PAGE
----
Amrita Vishwa Vidyapeetham has gone ahead and established a cybersecurity hub, which will bring together research, funding and industry to build the next wave of cybersecurity startups in India. Dr Krishnashree Achuthan,CEO of Amrita Vishwa Vidyapeetham's Center for Cybersecurity Systems and Networks, a cybersecurity expert says,"We often depend on solutions from other countries. Our aim is to train talents here who will create solutions for preventing and protecting cyber attacks," she says. Elaborating further, she says, "There are more than 4,000 startups in India but only less than 100 operate in the field of cybersecurity and related products. With wars being fought every minute across the world, it has become a strategic national priority. India needs to tackle this challenge from both an economic and military perspective."
Even through india’s digital infrastructure is vulnerable to catastrophic attacks, it has enough know how and capacity to protect itself, according to Dr. Krishnashree Achuthan, Director, Amrita Center for Cyber Security Systems and Networks.
Nevertheless, she said a multi-level approach is required for cybersecurity, one that could protect systems at the technical and physical levels. Sound digital security protocols and early warnings are important, said Ms. Achuthan. Awareness about potential cyber-attacks should increase among the users to reduce vulnerabilities.
"It’s not just about updating software, the attacks also stress on the growing need of ethical hackers. “Unfortunately, we don’t have many ethical hackers. Even if we teach theory, they (ethical hackers) need hands-on-training, and it’s very minimal. We are quite worried about the recent attacks. With digitisation, there are several vulnerabilities,” said Krishnashree Achuthan, CEO of Amrita Vishwa Vidyapeetham’s Center for Cybersecurity Systems and Networks.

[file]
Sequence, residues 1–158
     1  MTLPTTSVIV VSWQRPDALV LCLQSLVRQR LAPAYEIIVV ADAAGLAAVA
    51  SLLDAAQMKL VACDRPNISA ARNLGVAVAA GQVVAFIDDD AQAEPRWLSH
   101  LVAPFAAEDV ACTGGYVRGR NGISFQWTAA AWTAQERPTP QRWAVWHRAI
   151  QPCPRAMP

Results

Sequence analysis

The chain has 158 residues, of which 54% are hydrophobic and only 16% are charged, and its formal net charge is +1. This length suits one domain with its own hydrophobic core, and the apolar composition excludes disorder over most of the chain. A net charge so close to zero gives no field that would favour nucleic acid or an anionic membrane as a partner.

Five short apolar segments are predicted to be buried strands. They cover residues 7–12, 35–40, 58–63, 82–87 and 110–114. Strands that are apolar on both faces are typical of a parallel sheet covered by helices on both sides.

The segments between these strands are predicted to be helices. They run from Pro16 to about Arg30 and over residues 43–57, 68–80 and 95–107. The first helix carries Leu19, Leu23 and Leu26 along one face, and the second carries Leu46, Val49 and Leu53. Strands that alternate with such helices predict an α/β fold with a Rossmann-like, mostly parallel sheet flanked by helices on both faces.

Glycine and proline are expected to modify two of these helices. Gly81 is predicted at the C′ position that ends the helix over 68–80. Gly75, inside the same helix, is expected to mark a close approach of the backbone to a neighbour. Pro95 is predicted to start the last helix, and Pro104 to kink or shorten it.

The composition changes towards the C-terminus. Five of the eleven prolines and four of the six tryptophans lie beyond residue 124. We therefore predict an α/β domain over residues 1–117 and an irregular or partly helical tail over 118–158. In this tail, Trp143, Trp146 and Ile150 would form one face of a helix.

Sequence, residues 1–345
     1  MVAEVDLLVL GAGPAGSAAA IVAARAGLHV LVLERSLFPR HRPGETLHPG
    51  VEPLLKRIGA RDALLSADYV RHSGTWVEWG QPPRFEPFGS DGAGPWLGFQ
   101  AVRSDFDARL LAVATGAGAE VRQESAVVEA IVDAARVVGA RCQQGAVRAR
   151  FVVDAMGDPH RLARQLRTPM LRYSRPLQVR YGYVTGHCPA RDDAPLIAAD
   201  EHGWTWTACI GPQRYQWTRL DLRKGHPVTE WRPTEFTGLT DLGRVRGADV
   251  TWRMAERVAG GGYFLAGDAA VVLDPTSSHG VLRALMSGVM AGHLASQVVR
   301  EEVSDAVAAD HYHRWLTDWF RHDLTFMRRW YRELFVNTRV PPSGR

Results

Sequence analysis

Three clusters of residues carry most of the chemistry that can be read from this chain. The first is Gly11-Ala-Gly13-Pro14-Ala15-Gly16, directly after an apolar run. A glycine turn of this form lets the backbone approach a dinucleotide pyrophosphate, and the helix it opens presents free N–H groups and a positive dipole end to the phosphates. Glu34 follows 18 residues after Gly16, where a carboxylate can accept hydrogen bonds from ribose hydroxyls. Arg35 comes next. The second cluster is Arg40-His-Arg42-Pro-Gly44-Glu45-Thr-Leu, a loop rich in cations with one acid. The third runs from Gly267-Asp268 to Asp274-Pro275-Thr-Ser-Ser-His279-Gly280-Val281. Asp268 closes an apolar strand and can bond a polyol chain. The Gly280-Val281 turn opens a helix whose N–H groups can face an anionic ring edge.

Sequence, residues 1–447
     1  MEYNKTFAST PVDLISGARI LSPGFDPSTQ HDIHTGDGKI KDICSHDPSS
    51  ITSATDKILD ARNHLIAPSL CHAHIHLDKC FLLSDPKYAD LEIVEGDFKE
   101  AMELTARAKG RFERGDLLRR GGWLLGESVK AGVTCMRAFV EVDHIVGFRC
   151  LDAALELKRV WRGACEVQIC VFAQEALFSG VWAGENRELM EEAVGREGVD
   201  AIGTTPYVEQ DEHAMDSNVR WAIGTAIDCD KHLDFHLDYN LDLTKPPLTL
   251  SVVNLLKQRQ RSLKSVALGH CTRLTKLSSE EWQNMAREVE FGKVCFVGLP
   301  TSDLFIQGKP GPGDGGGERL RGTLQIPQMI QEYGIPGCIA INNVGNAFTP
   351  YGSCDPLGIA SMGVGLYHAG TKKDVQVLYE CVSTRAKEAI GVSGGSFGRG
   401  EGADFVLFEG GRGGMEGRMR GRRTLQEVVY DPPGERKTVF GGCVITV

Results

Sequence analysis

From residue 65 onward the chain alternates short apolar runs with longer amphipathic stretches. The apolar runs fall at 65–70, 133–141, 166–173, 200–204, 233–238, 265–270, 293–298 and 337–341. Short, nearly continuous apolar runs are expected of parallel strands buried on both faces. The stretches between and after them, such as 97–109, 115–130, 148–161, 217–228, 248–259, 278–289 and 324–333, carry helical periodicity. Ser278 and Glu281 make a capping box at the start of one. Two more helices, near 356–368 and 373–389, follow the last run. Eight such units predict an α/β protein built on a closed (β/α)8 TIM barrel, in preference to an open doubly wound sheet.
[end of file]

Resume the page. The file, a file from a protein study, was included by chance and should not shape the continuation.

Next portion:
"India needs an in-depth, defensive approach to tackle threats of cyberattack threats such as ransomware. What this implies is a multi-level approach to cybersecurity that can protect systems at different layers – both at technical and physical levels," said Dr. Krishnashree Achuthan, Director, Center for Cybersecurity Systems and Networks at Amrita University.
Following the outbreak of WannaCry ransomware on Friday, various reports said that India was one of the worst-hit nations targeted by the malware. With cyber-security experts saying that the malware infected at least 45,000 computer systems belonging to Indian organisations ranging from banking to IT services to small retail shops, there's enough ground to speculate on a possible under-reporting of related incidents.